Finally, Trueman addresses the question head on: “Is Tim Keller a Marxist in how he defines these things?”
His answer, as has been anticipated briefly above, makes zero reference to economics:
“While I have not had the pleasure of asking him personally, I have read statements by him that indicate he believes human beings are made in the image of God. That presumably grounds his ethics. It also places him outside of the Marxist camp, belief in God being somewhat problematic in that school of thought, as (incidentally) is his Christian belief that human beings have a nature which can be defined in metaphysical, rather than contingent, historical terms.”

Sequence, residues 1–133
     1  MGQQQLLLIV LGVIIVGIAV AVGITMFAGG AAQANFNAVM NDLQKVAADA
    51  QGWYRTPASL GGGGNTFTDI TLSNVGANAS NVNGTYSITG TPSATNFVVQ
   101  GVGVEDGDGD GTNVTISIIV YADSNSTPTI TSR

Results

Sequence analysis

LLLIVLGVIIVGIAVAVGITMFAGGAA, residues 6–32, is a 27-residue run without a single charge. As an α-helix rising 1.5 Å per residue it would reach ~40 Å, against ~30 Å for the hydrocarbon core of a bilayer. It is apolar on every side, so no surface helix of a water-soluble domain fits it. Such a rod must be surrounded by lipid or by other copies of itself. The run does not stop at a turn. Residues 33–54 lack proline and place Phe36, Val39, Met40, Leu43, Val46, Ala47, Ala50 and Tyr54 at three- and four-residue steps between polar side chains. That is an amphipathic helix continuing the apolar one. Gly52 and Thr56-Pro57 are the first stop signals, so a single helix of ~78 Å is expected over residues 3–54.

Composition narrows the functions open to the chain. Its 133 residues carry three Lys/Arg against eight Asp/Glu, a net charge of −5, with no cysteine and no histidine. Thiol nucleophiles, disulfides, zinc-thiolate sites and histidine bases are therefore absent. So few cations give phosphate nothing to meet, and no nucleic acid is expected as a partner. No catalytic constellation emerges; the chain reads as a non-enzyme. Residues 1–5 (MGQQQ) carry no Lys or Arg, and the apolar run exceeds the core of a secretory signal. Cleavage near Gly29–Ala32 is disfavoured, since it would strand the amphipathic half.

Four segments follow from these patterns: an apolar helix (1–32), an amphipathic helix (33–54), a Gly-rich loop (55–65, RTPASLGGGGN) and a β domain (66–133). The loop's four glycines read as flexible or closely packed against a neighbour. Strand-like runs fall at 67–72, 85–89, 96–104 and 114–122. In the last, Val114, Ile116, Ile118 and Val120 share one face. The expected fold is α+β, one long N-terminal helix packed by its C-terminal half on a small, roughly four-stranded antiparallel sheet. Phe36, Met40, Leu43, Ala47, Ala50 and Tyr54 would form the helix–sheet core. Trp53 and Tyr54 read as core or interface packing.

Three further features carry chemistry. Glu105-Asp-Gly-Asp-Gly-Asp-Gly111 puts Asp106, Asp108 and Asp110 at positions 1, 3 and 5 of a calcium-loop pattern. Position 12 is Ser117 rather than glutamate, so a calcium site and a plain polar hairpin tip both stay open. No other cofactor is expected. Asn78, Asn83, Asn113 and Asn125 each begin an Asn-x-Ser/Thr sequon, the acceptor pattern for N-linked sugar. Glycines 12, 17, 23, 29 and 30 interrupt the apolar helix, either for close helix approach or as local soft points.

Has anyone called Keller a Marxist because he adheres to Marx’s dialectical materialism? His doctrine of historical inevitability? His evolutionary biology?
Thus, while technically freeing Keller from the accusation that he preaches the eschatology and metaphysics of Karl Marx is entirely besides any relevant point of the difficulty facing the evangelical world in the person of Tim Keller, it is almost shocking. Is Trueman not a Calvinist because there are areas in which he dissents from John Calvin?
As always, more to come.